Democracy in action! Except for the lack of responsive government of course.

I notice that the diagrams and concept images on the DPTI website have been revised to shift the underpass 24 metres to the south and point the ramps south towards the car parking area instead of north. It won't be any closer to the platform though, because the change will be done by chopping 25 metres off the northern end of the station platform, which will then become too short for consists formed of two electric units! Clearly another case of central planning without any attempt at gathering local knowledge, or even any rail knowledge for that matter.

It's a very minor improvement that polishes the turd just a little, in that the ramps on the outside of the rail corridor now point the right way. But it still doesn't address the main problem, which is that the locals were objecting to having an underpass as the only access and not just the proposed location. The locals appear to have no trouble seeing through all the BS about "open designs" and the misleading artist impressions which won't change the fact that there's still a huge amount of area that is below street level and only visible if you're right on top of it.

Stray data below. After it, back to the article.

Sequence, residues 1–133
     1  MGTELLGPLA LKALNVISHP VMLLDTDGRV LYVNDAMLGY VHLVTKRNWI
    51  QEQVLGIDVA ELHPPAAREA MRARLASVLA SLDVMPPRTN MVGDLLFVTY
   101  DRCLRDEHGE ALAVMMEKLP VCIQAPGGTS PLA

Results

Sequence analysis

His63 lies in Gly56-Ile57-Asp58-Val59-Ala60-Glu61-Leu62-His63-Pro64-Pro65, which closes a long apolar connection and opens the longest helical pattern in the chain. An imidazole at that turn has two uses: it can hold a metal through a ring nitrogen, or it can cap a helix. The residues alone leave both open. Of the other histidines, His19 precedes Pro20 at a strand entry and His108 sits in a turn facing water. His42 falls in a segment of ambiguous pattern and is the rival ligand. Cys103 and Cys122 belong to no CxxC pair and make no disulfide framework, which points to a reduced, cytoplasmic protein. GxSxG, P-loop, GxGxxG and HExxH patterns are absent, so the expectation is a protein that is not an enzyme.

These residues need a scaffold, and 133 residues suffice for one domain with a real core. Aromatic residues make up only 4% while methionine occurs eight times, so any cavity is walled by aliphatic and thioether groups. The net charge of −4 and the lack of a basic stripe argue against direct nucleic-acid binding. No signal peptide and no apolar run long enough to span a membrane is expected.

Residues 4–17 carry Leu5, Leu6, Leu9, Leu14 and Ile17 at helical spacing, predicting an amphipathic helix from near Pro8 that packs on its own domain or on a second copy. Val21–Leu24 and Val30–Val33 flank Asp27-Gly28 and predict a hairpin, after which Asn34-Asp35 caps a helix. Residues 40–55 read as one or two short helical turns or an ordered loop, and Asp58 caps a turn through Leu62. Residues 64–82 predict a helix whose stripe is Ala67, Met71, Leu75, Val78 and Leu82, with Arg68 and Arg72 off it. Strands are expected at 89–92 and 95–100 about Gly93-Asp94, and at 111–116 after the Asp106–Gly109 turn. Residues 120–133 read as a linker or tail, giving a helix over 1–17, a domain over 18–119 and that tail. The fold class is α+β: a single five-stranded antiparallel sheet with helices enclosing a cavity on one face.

And it still doesn't address the other problem that having an underpass as the only access to a station is the clearest way possible to say f**k you wheelchair users - have any of you lot ever tried hopping in a wheelchair and pushing yourself up a ramp even one metre high (let alone five), let alone one drenched in stormwater and urine? I would suggest that the top "planners" at DPTI be made to get out of their offices and give this a go at an existing station like Goodwood and see if they still think an underpass is a good idea, I know a few disability care providers who would be happy to lend them a wheelchair for such an educational experience.